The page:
“The eyes of all the world will be upon you, because you are in some special sense the soldiers of freedom. Let it be your pride therefore, to show all men everywhere not only what good soldiers you are, but also what good men you are, keeping yourselves fit and straight in everything and pure and clean through and through.

“Let us set for ourselves a standard so high that it will be a glory to live up to it and then let us live up to it and add a new laurel to the crown of America. My affectionate confidence goes with you in every battle and every test. God keep and guide you!

“President Wilson’s Message to Soldiers of National Army.”

The first draft 178 men were called from Knox County, and the second in March of 1918 required only 11 men.

In The Camden Herald , November 29, 1918, it reads:

“Camden boy dies in action

“The sad news reached the family Friday that Harold Heal, son of Mr. and Mrs. Fred Heal had made the supreme sacrifice for his country, being killed in action probably in one of the last drives made before peace came. Harold Heal entered the service last May and was almost immediately sent across, so he was in actual fighting much sooner than most of the boys. He was very popular here, being a young man of excellent character and liked by everyone. He was employed in J.C. Curtis Hardware when called to service. The father and mother and young wife, who was formerly Miss Maud Barker, have the sympathy of all. We feel pride, too, in the heroism of this young Camden soldier, the first of our home boys to die in actual fighting ! Harold came from fighting stock, as his aged grandfather, James W. Achorn, now long past 80 years was one of the heroes in the Civil War.”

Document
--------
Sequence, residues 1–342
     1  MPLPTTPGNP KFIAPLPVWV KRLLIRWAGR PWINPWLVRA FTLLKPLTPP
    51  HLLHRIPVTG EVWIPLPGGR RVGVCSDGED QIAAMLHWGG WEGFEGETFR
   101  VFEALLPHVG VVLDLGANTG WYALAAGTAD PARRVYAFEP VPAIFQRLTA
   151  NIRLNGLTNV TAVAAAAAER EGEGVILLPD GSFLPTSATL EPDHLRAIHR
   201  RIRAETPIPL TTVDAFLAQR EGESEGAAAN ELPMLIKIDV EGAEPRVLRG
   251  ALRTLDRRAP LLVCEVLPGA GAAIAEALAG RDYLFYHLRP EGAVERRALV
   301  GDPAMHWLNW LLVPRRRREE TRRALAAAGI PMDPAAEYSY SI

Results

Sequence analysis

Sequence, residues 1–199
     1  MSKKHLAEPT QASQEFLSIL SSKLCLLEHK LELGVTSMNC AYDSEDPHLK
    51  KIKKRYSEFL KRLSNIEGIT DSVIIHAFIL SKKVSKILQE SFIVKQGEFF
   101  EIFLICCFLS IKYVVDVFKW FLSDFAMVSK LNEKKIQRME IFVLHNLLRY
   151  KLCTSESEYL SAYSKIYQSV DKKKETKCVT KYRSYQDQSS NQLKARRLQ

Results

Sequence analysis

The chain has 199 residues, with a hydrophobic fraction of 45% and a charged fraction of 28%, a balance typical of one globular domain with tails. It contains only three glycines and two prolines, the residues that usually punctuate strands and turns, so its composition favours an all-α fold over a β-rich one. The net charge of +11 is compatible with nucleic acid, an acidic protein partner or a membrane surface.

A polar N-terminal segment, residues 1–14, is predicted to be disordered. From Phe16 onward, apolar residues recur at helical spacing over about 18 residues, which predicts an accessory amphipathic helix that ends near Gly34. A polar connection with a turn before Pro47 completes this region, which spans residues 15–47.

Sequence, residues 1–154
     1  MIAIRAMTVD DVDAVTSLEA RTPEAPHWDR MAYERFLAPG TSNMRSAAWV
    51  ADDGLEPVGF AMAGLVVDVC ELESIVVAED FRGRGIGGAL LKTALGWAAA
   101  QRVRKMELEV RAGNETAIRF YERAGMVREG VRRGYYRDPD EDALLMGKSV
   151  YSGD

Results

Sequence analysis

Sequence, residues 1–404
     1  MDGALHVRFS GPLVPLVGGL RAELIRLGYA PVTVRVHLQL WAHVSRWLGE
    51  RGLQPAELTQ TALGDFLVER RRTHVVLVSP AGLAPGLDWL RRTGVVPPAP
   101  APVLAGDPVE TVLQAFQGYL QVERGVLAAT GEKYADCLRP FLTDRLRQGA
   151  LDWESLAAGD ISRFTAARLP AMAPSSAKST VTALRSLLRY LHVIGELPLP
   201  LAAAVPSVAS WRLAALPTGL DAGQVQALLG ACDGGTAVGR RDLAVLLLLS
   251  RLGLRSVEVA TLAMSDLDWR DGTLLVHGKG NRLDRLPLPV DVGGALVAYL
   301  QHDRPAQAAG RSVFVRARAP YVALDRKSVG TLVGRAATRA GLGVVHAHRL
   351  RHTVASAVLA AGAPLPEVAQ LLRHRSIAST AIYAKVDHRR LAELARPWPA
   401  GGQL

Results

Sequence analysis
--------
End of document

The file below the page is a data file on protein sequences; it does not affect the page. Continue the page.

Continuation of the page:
The following letter was received by Fred Heal, in answer to his inquiry as to the manner of his son’s death.

“Hq. Co. C. 113 Inf. American E. F.

“17 January 1918

“My Dear Sir:

Your letter of December 17th has been referred to me as Commander of the platoon of which your son Harold was a member. I regret to advise that your son was killed in action in the battle of Bois de Estraye on October 23rd, 1918. His death was the result of a shrapnel wound in the chest and death was instantaneous. Your son was an excellent soldier, always ready and willing to perform the duty assigned to him and possessed the qualities of true Americanism which resulted in ultimate victory in this world war. He was a member of an assault platoon in this attack and the task assigned to it was thoroughly accomplished and its objective reached. Private Heal was well liked among the members of his company and up to the time of his death had been in excellent health.

“With personal regards, I am respectfully yours,

“Walter G. Scherrer, 1st Lieut. Co. C, 113th Inf. U.S.A.”

It was learned in October that another Camden boy, Russell G. Arey, had died on August 28th, 1918 of a gunshot wound.